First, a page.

What comes to your mind when you hear the words “supply” and “demand”? “Is this something to do with the economy”? Correct! However, in trading, it is more than that. It’s a whole new dimension and can open several profitable doors for you.
Let’s learn how you can use these concepts for position trading.
They refer to an area, which is above the current pricing level. This area surfaces on the chart when there is heavy selling.
- When the price touches the supply zones, it’s a signal that bears are taking over. When the price reaches a higher level, supply zone traders consider selling more because selling more at a higher price generates more profits.
- On the contrary, when the price is low, suppliers don’t take any position, as profitably is low.
Supply zones show the link between the volume and price from the seller’s standpoint. The more the price moves upwards, the more supply there is.
Let’s explain this on the chart.
The price drops between the first and the second arrow and then climbs again. After the second arrow, the price takes another dip and then rises till the third arrow. You may have noticed that the price moves in a certain range between these three arrows, thus creating a supply area.
They mark an area below the current price level. The area forms when there is a lot of buying interest. The bulls are taking over, and you should go long.
So the price creates a certain range. The price does have a few hiccups, but it is traveling in the same range. So, whenever you identify demand zones, you take long positions.
Many position traders look for strategies that can take all the hassle away. Why? Because they are in this for the long run.
Position trading is the most extended form when market participants hold positions for months or even years. They enter the trades and “forget” about it. The whole idea is to stay composed and wait for the more significant profits rather than scalping for a few pips.
How to use supply and demand for position trading?
The first thing you need to do is find market moves weekly or a monthly chart. These markets move to present us with supply and demand levels.
- Supply refers to bearish movements.
- Demand pinpoints a bullish fluctuation.
When we need to go short, we must first identify bearish candles in the supply zone.
On the chart below, you can see the price moving downwards inside the supply zone. The price climbs a little from the left side but then makes a three-candle structure, which is a base, and you can use less than six candles as the fundament. However, it is ideal to select a three-candle format.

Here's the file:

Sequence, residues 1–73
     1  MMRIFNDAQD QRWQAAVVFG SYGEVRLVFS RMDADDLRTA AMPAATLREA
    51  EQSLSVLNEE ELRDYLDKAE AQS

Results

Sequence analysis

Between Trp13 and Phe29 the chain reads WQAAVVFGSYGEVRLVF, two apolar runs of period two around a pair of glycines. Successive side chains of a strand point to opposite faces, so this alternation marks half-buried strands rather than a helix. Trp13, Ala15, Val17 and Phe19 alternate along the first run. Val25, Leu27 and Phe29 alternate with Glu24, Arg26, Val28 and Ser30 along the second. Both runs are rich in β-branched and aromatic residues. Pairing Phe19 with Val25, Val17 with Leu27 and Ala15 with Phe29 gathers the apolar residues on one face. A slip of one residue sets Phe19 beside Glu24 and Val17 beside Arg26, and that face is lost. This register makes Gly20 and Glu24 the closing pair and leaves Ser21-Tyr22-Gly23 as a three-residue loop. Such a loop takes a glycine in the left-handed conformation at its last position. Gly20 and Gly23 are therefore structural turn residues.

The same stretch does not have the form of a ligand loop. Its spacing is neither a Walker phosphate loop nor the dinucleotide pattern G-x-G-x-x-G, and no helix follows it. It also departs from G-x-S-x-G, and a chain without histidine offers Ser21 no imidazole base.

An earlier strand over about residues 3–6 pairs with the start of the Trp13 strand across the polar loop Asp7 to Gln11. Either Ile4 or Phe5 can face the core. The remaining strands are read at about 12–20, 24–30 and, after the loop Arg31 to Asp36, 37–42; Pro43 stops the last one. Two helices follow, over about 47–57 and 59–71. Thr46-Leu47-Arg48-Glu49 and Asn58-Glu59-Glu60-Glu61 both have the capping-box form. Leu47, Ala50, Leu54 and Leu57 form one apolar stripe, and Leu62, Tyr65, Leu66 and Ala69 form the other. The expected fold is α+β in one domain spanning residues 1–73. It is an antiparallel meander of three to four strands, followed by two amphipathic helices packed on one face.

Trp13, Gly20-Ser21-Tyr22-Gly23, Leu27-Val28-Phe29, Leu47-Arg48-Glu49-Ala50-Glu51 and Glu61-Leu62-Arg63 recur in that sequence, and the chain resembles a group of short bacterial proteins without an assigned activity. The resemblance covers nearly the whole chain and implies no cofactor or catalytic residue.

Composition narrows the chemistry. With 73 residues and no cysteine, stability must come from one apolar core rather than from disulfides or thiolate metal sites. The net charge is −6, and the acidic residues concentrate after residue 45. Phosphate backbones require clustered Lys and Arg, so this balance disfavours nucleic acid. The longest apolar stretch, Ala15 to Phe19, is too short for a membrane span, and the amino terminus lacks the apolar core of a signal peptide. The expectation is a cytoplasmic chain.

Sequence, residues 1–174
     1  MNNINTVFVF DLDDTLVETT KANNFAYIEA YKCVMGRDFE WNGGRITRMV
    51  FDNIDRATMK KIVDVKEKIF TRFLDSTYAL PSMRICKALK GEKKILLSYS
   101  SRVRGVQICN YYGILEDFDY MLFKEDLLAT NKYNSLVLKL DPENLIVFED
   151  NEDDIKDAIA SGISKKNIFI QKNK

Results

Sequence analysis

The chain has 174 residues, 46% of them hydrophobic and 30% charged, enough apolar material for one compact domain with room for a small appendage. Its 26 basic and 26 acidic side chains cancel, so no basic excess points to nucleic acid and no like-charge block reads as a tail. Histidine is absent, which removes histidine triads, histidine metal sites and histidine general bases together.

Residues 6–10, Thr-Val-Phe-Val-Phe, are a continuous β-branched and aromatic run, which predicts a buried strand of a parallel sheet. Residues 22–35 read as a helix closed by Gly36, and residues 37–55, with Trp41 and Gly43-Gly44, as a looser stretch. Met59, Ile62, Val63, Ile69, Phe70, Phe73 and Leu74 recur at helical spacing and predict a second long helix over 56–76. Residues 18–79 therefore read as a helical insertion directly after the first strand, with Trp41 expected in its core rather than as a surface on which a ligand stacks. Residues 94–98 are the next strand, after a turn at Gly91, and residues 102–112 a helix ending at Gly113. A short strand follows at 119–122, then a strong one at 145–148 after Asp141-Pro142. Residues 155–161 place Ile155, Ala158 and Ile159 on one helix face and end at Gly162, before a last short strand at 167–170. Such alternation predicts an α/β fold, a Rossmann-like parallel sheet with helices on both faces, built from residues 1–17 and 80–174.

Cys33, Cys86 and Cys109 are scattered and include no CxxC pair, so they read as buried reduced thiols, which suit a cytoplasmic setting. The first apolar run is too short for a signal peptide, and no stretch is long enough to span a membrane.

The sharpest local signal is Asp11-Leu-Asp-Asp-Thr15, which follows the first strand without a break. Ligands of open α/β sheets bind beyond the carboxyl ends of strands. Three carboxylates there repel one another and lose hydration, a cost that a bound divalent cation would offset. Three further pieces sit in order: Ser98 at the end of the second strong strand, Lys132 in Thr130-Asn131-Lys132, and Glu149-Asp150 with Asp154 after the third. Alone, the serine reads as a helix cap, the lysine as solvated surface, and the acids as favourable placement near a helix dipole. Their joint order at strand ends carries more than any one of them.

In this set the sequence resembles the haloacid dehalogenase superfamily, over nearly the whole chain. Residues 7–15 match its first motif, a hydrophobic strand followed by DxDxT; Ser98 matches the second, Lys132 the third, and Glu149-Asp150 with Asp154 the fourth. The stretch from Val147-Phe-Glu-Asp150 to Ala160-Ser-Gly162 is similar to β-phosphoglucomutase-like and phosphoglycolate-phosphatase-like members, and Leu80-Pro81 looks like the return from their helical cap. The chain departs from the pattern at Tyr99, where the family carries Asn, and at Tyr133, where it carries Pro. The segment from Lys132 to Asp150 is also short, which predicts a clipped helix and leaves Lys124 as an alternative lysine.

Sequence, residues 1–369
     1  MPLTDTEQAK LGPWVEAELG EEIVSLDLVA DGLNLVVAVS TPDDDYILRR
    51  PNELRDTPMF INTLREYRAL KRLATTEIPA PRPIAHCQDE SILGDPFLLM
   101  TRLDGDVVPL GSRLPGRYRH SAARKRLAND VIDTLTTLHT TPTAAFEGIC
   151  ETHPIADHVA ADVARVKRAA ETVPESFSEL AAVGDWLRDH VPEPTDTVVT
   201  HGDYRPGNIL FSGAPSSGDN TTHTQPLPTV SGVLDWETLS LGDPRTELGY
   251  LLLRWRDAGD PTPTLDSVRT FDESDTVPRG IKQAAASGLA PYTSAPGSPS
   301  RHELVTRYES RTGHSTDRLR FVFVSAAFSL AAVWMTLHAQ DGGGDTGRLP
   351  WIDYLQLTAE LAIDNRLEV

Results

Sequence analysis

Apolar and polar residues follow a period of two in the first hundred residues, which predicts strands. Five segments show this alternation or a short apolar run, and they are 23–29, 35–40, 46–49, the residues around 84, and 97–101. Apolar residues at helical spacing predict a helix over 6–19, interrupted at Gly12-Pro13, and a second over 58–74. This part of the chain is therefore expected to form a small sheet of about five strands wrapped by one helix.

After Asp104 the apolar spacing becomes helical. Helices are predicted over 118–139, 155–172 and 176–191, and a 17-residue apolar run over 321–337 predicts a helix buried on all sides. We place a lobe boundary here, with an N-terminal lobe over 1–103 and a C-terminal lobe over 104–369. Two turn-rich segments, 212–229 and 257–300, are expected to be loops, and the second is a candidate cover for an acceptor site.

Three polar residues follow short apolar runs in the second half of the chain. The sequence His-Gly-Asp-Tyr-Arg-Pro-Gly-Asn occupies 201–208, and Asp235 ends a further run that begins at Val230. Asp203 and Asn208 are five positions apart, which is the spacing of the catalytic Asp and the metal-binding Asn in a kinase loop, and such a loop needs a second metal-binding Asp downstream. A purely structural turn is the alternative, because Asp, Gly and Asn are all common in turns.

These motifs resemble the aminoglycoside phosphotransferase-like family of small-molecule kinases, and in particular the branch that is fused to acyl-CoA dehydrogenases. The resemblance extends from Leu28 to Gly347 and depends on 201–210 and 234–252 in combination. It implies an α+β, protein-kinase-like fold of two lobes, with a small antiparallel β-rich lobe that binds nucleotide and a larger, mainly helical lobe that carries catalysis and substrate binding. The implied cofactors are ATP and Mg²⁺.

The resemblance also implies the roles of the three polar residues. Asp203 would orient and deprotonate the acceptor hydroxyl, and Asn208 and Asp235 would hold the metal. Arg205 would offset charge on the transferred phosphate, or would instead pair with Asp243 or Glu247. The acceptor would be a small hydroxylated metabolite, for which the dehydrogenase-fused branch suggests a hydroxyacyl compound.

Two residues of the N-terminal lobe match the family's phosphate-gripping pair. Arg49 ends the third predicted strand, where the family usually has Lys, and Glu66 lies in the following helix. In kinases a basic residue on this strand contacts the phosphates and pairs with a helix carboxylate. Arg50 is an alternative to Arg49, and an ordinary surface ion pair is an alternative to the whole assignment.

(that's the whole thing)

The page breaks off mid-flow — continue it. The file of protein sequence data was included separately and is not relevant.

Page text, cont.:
These three candles determine whether you should go long or short when dealing with supply and demand zones. In this case, we are going short, so these three candles confirm the formation of the supply zone, and we can take a sell position.
You can take a position on the base, but it’s suitable to wait for confirmation. Then, right after the base, we can enter and leave the trade inside the supply area. You should also note how the price retraces up and drops as it reaches the supply zone.
Let’s move to demand zones. It would help if you navigated bullish candles and a three-candle base structure for taking positions at the demand level.
Look at the example. Starting from the left, the price plummeted slightly, moved upwards, and then dropped again for a perfect buying point.
Notice that we could have taken the position earlier, but we waited for our three-candle base to confirm the demand zone. After that, we take our long position. By zooming out, you can look at areas where the price has earlier bounced off.
Do supply and demand zones work for position trading?
You probably are wondering:
- Are supply and demand profitable?
- Does supply and demand work for position trading?
- Are supply and demand trading a worthwhile strategy?”
The answer to all these questions is “Yes”. These zones are profitable for any style of trading. Be it position, breakout, or range trading.
But you should know that supply and demand are more of an idea than a strategy. This is because you can’t predict the future of these zones based on current supply and demand areas.
- Focus on identifying these zones
- Locate them on the chart
- Wait for the price action to go either bullish or bearish
- Take positions
Key takeaways for using supply and demand for position trading
- When the price goes up, you have a lot of buying pressure, thus creating a demand area.
- When the price goes down, there is heavy selling pressure, and we have a supply zone.
- Supply and demand zones in FX tell you about the possibility of a price reversal.
- You go long when the price moves upwards above the demand zone.
- You go short when the price dips below the supply area.
Recognizing these zones is the most crucial step for position trading. You need to understand the overall structure of these areas and then take positions.